A British destroyer drew up close to observe and photograph the tragedy. The white helmets, the young faces of the naval personnel, waiting, watching, were visible to all on the Warfield.

Complaints, overcrowding, difficult circumstances, were not the focus for the refugees. They were going home. "By that time, passengers and crew had been welded into one big family. Grauel, the American minister, was looked upon as an omen of good luck. The American crew was dubbed, con amore, the Chocoladniks."71

July 17, 1947

Radio confirmations were received in the evening, sealed instructions were opened– the Warfield officially was given her new name as she sailed well off the Sinai Peninsula coast. She was no longer the President Warfield but the Exodus. The Exodus 1947 from Europe, a ship of the Haganah, was carrying home the people of Israel to their land and freedom. The blue and white flag with the Star of David prominently and proudly stitched in the middle, that was given Captain Ike Aronowitz in Baltimore, was taken and out and elevated to the mast of the Exodus. Her new name was painted in huge letters on the port and starboard of her upper deck for the entire world to see.

Joy, pride, hope, tears, and anxiety filled the ship.

The British battle fleet circled.

"Jossi (Harel, the Palestinian Haganah commander on board) made arrangements for a broadcast to be made from the ship through the Haganah illegal radio facilities to the entire countryside. By now all of Palestine knew of our coming and our dubious race for safety or possible confrontation ahead with a formidable representation of the British fleet. "72

~ ~ ~ ~ ~ ~ ~ ~ ~ ~ ~ ~ ~ ~ ~ ~ ~ ~

Reverend John Stanley Grauel's importance and vital presence on the Exodus was coming out. He was a Christian minister, an eye witness to the world. He was not a Jew.

"It was the Mosad's intention to mount a huge illegal immigration operation that would draw the attention of the international media and influence the members of the United Nations Special Committee on Palestine (UNSCOP), who would then be visiting Palestine on a fact-finding mission."73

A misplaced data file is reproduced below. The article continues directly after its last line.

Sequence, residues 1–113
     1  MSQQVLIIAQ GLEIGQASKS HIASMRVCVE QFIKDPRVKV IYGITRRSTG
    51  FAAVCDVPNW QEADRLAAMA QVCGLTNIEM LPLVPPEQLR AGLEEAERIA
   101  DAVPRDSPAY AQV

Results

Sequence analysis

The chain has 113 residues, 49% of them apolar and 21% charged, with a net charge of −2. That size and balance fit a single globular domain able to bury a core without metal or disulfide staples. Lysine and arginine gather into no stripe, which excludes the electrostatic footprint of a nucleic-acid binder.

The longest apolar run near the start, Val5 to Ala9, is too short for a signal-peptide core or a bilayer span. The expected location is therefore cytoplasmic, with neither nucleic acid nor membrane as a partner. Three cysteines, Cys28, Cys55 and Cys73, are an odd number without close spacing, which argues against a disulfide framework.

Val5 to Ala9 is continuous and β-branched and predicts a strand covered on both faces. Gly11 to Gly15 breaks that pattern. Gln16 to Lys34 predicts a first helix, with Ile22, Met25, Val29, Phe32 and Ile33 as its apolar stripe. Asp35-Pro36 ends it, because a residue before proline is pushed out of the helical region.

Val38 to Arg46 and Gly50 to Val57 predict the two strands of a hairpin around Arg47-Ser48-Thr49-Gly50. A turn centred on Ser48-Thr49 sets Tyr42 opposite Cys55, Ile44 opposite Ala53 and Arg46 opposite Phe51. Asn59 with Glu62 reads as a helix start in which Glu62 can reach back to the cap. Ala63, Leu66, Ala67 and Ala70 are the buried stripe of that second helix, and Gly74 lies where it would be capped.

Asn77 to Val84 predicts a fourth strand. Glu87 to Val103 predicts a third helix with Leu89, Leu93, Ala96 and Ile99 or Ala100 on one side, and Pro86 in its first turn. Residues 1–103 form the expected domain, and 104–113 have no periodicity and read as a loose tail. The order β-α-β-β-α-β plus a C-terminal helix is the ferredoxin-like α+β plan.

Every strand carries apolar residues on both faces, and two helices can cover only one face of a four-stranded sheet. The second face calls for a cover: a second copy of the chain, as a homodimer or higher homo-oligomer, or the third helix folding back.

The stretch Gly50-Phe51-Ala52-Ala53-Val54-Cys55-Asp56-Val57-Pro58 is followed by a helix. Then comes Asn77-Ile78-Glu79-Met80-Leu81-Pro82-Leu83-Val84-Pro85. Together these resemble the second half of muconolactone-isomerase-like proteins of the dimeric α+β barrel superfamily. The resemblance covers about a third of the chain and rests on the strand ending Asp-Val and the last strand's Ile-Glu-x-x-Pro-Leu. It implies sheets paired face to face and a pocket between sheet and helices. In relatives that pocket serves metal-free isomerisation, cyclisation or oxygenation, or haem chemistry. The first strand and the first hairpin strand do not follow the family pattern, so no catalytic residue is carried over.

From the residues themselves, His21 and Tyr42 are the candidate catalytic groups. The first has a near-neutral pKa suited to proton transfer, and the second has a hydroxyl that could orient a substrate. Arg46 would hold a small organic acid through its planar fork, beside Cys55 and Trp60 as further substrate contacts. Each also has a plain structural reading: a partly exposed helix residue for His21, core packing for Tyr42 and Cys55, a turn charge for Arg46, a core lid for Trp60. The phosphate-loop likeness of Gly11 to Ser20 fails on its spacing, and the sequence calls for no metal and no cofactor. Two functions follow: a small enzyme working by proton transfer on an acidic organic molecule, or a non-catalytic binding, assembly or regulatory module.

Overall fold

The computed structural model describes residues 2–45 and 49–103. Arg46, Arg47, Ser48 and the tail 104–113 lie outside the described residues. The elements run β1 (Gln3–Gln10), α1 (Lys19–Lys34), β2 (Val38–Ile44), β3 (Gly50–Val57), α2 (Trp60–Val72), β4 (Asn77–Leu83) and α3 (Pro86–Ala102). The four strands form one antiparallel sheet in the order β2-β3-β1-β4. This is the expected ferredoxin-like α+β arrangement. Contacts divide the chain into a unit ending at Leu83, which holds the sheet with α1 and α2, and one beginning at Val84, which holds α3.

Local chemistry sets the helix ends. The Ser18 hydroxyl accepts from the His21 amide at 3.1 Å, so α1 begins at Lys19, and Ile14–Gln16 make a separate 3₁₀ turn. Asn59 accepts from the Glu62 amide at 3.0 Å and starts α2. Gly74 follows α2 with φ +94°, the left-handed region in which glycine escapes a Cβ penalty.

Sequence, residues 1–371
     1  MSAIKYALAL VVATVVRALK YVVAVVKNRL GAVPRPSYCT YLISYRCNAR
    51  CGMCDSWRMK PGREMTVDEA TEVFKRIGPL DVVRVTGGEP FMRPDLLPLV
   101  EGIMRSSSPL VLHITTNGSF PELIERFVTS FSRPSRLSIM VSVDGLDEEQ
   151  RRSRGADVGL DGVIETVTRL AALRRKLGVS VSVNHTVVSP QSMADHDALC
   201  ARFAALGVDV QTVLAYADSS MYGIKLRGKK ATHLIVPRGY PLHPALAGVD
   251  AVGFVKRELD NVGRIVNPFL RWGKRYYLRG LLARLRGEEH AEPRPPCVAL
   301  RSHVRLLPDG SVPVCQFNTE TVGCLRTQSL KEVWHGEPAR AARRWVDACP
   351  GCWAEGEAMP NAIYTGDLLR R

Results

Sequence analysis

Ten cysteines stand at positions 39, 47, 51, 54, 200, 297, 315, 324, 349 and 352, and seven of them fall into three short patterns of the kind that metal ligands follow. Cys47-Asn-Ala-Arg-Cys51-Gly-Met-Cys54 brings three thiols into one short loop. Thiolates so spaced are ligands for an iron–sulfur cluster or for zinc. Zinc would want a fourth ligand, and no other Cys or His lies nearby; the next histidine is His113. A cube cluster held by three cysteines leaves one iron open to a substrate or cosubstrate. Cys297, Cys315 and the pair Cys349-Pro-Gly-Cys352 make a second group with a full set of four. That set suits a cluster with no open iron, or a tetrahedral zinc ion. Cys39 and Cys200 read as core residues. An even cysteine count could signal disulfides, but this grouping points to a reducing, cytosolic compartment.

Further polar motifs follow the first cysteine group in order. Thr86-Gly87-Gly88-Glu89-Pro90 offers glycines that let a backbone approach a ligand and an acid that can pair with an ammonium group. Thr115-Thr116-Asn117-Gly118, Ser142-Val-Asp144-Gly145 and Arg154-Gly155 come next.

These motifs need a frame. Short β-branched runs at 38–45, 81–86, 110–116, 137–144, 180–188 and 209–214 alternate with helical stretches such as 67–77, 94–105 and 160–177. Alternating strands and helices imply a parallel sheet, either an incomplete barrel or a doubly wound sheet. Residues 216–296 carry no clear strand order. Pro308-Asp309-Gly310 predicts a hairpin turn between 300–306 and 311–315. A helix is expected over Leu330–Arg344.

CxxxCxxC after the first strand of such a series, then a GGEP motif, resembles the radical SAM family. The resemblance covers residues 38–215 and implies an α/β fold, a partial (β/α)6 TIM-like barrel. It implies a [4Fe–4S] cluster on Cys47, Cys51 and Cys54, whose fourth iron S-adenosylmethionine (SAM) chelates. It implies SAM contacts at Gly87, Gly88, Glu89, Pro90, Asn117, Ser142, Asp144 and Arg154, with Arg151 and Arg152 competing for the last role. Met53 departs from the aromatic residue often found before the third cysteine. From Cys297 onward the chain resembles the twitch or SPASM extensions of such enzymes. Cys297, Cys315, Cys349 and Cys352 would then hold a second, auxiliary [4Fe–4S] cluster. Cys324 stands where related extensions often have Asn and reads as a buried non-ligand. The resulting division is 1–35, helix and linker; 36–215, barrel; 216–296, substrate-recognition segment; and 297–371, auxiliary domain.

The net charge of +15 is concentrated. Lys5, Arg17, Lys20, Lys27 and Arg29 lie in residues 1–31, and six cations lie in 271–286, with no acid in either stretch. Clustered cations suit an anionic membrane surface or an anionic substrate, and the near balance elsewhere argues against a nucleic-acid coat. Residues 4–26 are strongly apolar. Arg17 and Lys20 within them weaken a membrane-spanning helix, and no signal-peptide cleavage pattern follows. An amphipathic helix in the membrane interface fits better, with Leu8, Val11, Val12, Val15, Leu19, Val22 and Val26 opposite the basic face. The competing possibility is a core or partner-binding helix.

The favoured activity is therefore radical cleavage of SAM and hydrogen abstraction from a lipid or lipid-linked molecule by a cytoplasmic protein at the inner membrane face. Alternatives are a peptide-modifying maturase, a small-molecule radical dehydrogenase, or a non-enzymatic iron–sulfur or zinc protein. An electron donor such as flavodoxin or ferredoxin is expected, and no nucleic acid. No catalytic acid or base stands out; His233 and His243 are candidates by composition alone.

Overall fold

UNSCOP had refused to meet with refugees in the camps in Europe. The structure and membership of the committee was already unsympathetically packed against the Jews. Their fact finding trip to Palestine would bring back a crucial recommendation that would weigh heavily on the upcoming Partition Resolution that would determine the fate of Palestine and the Jews.

~ ~ ~ ~ ~ ~ ~ ~ ~ ~ ~ ~ ~ ~ ~ ~ ~ ~

At 10:00pm a special broadcast, relayed from the Exodus to Kol Yisrael, the Voice of Israel, was carried to the world. Harel arranged a presentation of short speeches of greetings from some of the passengers and a choir of children singing Hebrew songs.

"For the final portion of the program Jossi asked me to add a short appeal directed to the United Nations Committee on Palestine, meeting in Kadimah House, Jerusalem. I gave the following statement:

Gentlemen, at this time we request you, in assembly in Eretz Israel, that you appear to gather testimony from the forty-five hundred Jews who are coming to Palestine in a few hours aboard the Exodus 1947. We remind you that no committee was called to witness the death of six million Jews in Europe. This is your opportunity to fulfill the requirements of your declared justice in these matters. Witness if you will the heartache, the sorrow, and the suffering and the utter brutality inflicted on our people by the British. They have acted as the Nazis have acted. They clubbed and shot down in cold blood our women and children. These British are imprisoning our people in the same types of camps on Cyprus as they suffered in Hitler's Europe.

You have declared yourselves to guarantee equal opportunity to all who seek freedom. Bear witness in truth to that declaration and hear our case now. We urge you to come and see our ship and to sit in judgment upon the British who we believe are doing the very thing that the United Nations has pledged itself to destroy."74

"I must have dropped off into a deep sleep after all, because at 2:30 a.m. the ship's whistle screamed a signal of distress, and I was jarred awake, slightly befuddled, as I groped for my shoes. I rushed out, snaking my path through the refugees who were beginning to pour on deck, to peer through the darkness beyond the edge of the ship. I had just reached the door to the bridge, when suddenly the night turned to day under the searchlights from the destroyers. A fleet of ships seemed to be running abreast of us as if they planned to converge on us at one point. My eyes were drawn upwards by the lights to see a mammoth poster which someone during the night had secured to the single smoke stack. On it was a picture of a woman holding a baby in her arms, a small child at her side, and an inscription which read, "England, this is your enemy." Through the blasting whistles I could hear a destroyer addressing us, "We are going to arrest your ship. You are in territorial waters." The doors of the bridge flew open and Ike, thoroughly enraged his face pale, screamed through a megaphone, 'you're a god damned liar,' and followed that up with a stream of choice abuse.